Page 52 - Ad Hoc Report June 2018
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prerequisite to a federal court’s authority to deprive an accused of his life or liberty.”13 Despite establishment of this substantive right, no legislation was immediately
forthcoming to ensure it in practice. Federal judges were responsible for implement- ing the Sixth Amendment, but they lacked access to any institutional assistance in the form of a federal scheme or structure for providing defense counsel. Judges had the power to appoint attorneys. But without the authority and resources to pay them, the costs of defending indigent clients fell wholly on the shoulders of the private bar. Courts had to rely on attorneys’ professional obligation to perform pro bono service. Assignment methods varied depending on the court and were mixed in their success of equally distributing the work among the bar and “in picking a suitable attorney for a particular case.”14 With the exception of the few legal aid organizations in large cities that employed skilled defense attorneys, the vast majority of poor defendants were appointed counsel who were young, generally inexperienced, and typically had no trial experience at all, let alone experience with criminal defense.15
Although lacking resources, the lower courts did not allow the Sixth Amendment to wither; they continued to define the contours of the right to an attor- ney for those unable to afford one. The accused was entitled not to just a pro forma attorney but to “effective, wholehearted assistance of counsel and to the undivided loyalty” of his representative.16 Such dedication was “essential to due process”17 and encompassed a lack of conflicts not only with other defendants or parties but also with other players in the criminal justice system. The appointed attorney should not act “as a passive friend of the court, but as a diligent, conscientious advocate,” said the D.C. Circuit.18 Decisions about the defense were to be left solely to the defense attorney.19 Judge E. Barrett Prettyman observed that:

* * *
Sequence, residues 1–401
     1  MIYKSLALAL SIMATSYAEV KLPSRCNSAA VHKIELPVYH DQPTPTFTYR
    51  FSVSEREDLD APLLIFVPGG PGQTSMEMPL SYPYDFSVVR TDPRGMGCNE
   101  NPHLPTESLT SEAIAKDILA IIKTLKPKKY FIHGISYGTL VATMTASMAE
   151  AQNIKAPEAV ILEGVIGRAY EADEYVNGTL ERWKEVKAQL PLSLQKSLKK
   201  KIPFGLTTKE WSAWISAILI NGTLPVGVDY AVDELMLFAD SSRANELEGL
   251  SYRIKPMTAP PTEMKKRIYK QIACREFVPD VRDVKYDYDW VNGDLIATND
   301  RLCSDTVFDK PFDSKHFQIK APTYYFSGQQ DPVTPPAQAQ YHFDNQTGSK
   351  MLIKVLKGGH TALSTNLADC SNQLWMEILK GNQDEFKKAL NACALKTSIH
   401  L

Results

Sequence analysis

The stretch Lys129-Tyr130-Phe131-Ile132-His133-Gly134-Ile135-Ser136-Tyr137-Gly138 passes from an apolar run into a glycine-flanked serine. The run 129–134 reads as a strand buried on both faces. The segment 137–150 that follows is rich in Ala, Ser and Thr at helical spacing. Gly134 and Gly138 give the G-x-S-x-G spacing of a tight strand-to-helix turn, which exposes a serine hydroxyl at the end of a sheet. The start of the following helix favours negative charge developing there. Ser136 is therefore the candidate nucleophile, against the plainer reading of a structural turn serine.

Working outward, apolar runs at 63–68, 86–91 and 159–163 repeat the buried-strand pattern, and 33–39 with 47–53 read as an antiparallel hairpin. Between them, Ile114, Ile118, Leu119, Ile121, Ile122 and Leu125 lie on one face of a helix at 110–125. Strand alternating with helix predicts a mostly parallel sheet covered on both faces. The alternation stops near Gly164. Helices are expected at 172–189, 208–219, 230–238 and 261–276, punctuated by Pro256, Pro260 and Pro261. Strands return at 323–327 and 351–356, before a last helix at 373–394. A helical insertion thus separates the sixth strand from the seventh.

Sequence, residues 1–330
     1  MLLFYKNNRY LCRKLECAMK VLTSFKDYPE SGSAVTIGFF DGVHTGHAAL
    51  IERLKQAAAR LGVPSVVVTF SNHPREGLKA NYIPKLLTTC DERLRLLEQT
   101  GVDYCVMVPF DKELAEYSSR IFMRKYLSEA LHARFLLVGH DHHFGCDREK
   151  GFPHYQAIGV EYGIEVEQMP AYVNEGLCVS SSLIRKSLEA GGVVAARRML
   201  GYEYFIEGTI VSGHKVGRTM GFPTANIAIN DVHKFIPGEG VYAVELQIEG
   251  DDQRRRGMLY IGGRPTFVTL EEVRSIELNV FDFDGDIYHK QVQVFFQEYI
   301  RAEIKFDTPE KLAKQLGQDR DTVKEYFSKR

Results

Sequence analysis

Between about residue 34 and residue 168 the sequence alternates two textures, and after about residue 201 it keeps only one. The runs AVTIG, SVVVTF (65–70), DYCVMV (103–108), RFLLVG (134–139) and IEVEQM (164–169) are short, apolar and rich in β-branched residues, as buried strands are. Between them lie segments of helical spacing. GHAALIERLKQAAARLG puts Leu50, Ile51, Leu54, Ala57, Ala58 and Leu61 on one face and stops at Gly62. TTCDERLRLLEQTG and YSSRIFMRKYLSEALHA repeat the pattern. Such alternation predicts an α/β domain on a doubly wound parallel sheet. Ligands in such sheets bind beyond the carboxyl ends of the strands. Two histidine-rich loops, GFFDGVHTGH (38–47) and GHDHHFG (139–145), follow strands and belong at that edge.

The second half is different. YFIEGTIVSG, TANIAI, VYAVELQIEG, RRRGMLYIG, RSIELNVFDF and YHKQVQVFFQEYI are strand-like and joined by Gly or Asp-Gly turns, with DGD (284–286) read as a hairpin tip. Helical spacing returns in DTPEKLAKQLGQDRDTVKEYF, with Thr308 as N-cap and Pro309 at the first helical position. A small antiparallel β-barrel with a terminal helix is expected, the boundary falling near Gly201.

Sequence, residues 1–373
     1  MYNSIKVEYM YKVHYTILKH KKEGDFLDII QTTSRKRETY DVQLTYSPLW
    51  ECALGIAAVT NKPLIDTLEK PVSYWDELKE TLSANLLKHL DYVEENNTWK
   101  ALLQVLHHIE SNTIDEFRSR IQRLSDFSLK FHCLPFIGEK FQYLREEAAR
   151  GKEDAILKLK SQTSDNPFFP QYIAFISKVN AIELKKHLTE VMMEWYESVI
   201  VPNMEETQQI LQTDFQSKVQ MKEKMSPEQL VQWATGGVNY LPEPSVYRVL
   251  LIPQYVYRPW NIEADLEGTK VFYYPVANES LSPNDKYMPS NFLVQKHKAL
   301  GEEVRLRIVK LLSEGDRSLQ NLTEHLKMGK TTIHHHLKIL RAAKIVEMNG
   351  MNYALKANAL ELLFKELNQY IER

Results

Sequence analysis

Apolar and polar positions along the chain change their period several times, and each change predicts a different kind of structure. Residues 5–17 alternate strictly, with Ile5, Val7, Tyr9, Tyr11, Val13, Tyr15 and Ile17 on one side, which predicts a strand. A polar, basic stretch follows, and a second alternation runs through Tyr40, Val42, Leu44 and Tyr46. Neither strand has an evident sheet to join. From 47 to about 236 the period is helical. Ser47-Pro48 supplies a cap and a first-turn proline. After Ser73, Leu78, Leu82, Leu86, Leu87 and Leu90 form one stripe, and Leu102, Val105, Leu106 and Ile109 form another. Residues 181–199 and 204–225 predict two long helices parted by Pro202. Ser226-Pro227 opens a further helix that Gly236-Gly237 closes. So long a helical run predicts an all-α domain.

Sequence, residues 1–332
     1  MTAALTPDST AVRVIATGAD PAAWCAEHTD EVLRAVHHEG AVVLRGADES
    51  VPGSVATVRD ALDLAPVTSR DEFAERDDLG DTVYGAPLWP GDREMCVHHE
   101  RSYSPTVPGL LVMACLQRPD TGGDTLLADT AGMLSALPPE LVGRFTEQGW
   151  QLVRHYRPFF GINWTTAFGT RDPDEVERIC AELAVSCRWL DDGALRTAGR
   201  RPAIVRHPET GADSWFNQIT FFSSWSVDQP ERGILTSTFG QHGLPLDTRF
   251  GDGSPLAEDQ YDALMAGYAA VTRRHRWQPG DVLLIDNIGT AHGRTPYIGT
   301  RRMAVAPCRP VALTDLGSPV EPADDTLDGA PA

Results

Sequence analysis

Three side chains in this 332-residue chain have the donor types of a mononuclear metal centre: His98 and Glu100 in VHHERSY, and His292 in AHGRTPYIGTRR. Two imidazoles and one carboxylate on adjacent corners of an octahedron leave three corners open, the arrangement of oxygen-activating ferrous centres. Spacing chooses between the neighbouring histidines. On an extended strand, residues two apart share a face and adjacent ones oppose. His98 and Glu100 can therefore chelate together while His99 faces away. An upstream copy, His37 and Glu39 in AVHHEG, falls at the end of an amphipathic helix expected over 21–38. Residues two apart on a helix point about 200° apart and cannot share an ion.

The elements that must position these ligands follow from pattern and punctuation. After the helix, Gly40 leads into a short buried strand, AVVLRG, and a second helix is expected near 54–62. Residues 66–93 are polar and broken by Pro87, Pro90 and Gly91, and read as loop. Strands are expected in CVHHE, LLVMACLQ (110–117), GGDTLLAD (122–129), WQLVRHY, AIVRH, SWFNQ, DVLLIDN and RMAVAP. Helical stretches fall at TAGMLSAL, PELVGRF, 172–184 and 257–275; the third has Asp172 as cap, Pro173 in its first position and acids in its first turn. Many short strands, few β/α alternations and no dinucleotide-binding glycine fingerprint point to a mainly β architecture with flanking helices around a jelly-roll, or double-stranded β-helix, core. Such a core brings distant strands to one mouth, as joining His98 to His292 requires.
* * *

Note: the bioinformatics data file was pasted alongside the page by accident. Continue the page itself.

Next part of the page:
The constitutional right of an accused to the assistance of counsel might well be destroyed if counsel’s selections upon tactical problems were supervised by a judge. The accused is entitled to the trial judgment of his counsel, not the tactical opinions of the judge. Surely a judge should not share the confidences shared by client and counsel. An accused bound to tactical decisions approved by a judge would not get the due process of law we have heretofore known. And how absurd it would be for a trial judge to opine that such-and-such a course was ineffective
13 Johnsonv.Zerbst,304U.S.458,467,(1938).
14 BruceJ.Havighurst&PeterMacDougall,Note,TheRepresentationofIndigentCriminalDefendants
in the Federal District Courts, 76 Harv. L. Rev. 579, 581 (1963).
15 76HarvLRev579at582–583.
16 MacKennav.Ellis,280F.2d592,595(5thCir.1960),modified,289F.2d928(5thCir.1961).
17 Id.at599.
18 Tatev.UnitedStates,359F.2d245,253(D.C.Cir.1966)(citingEllisv.UnitedStates,356U.S.674, (1958)).
19 SeeO’Malleyv.UnitedStates,285F.2d733,734(6thCir.1961)(“Manyquestionsmayariseinthe course of a trial, which must be left to the decision of the defense attorney.”).
No recommendation presented herein represents A D H O C C O M M I T T E E T O R E V I E W T H E C R I M I N A L J U S T I C E A C T the policy of the Judicial Conference of the United States unless approved by the Conference itself.

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